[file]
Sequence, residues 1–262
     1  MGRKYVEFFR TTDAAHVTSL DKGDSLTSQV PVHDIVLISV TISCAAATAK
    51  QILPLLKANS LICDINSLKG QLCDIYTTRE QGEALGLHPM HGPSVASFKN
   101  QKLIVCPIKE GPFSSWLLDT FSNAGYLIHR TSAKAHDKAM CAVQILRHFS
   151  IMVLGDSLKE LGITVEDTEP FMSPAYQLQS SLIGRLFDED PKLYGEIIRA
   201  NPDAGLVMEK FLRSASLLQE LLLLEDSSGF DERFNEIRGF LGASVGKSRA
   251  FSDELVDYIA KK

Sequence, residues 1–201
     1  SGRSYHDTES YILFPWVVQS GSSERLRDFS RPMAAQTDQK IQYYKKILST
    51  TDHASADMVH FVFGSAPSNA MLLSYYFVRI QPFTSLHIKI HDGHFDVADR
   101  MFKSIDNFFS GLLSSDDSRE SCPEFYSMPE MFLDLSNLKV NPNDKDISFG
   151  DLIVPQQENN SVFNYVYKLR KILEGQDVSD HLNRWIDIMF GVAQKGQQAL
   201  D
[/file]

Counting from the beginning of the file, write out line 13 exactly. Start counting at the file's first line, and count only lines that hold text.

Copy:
   201  D